Not an atypical provision for a celebrity.
But Yauch, before signing, interlineated an additional phrase so that the will now appears as follows (his added handwritten provision is in italics):
“Notwithstanding anything to the contrary, in no event may my image or name or any music or any artistic property created by me be used for advertising purposes.”
The will was just filed with the New York Surrogates Court in Manhattan on August 6, 2012. So one can only speculate as to what legal repercussions might transpire over the next few months and years.
But here is where I think this may be headed.
Publicity rights and copyrights are two distinct rights. Did Yauch protect those rights in his music with his last-minute handwritten notation, or did he just create fodder for years of litigation?
First, some background to help understand the issues:
While he lived, Yauch had a right to protect the use of his image and his name, referred to as his publicity rights, which have value because he was a celebrity.
Publicity rights may not be commercially exploited, including in advertising, without the consent of the person whose rights are being exploited. Violators are typically required to pay a fine or the value of the damages caused, and any profit made as a result of the violation, to the person whose rights were used.
Publicity rights are governed by state law and vary widely from state to state. Not all states protect publicity rights, and even those that do don’t always do so after the death of the right holder. New York does, but only for 70 years after death. The laws vary from state to state, and Yauch’s heirs, who likely inherited his publicity rights, may have no recourse in a state that doesn’t regulate them or one where protection of publicity rights ends at death.
A copyright is a legal right that gives the creator of a literary, artistic, musical, or other creative work the sole right to publish and sell that work. Copyright owners have the right to control the use of their work, including the right to receive compensation for that use.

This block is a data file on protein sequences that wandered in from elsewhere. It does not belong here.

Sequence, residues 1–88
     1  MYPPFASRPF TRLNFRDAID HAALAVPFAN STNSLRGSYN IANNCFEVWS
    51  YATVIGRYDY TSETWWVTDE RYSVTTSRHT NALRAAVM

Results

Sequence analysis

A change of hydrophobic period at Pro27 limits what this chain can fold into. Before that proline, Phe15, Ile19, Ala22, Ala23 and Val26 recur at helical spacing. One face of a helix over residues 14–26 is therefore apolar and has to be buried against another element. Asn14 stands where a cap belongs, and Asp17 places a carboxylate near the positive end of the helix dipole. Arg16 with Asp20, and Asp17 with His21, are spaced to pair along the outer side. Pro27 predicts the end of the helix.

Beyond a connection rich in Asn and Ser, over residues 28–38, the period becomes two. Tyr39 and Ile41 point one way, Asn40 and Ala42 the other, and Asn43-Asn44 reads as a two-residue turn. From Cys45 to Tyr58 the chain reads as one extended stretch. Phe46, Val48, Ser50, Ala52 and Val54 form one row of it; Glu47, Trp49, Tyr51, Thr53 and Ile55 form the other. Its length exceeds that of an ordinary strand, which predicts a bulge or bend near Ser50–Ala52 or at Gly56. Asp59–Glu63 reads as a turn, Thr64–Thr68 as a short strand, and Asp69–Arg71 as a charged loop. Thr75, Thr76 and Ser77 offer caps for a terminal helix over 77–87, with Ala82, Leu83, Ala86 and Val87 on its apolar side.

Violation of a copyright is infringement. In the music industry, copyright protection is extended to musical compositions (i.e., sheet music, including song lyrics) and sound recordings. The composer of the music and the lyricist are both considered authors, to make things more complicated still.
While state laws protect publicity rights, copyrights are federally protected under the United States Copyright Act.
First, to understand to what extent the terms of Yauch’s will can be enforced, one has to know who owned the copyrights associated with his music. If the copyrights in the work are owned jointly, say, by all the members of the band, then Yauch’s heirs would be prohibited by the terms of his will from using his image or his work for advertising purposes, but each of the other owners can exercise their rights as an owner of the works and would simply owe a portion of any profits to the others, including Yauch’s heirs.
The Beastie Boys have worked under four labels since they started recording in 1979: Rat Cage, Def Jam, Capitol and Grand Royal. Authorship and ownership may be two different things. According to Copyright Office records, there are 220 separate records related to Adam Yauch, mostly registrations of music and sound recordings. The records also reflect assignments transferring rights to entities such as publishers and Brooklyn Dust Music. (The three band members also acted individually under the name Brooklyn Dust Music.) For example, one of their most famous songs, from 1986, “(You Gotta) Fight for Your Right (to Party),” which first appeared on the album Licensed to Ill (Def Jam Recordings), is registered in the name of the band members individually, plus Brooklyn Dust Music and their producer at the time, Def Jam Music, Inc.
So it is clear that the band members, over time, assigned away some of the rights to their works to their recording labels and other companies. This is very common for musical artists early in their careers, when they have little negotiating power. Later on, if successful, they often buy rights back from the label.
A lawsuit brought by the Beastie Boys and the surviving band members (with Yauch’s wife as Executor of his Estate representing his interest) against Monster Beverage Corporation reveals some information as to how many copyrights are currently held. According to the document they filed with the court, the Beastie Boys are organized as a New York partnership that owns or controls the performances, sound recording copyrights, trademarks and publicity rights of the band members, including as the composing, recording and performing group Beastie Boys. According to the Monster Beverage Corporation lawsuit, the partnership Brooklyn Dust Music jointly owned the copyrights to over two dozen musical compositions and recordings. Presumably these are the recordings used by Monster Beverage, so it isn’t clear if it isn’t clear if their entire discography’s copyrights are jointly owned.
The heirs who now own the copyrights to the works would assume all rights of an owner and could do what they want with the works, subject to any valid restrictions placed on them by the conditions in Yauch’s will. But Yauch could only give away what he owned. If a right was owned by the partnership, it may not be his to give away. On the other hand, he likely had the ability to give away rights owned through Brooklyn Dust Music.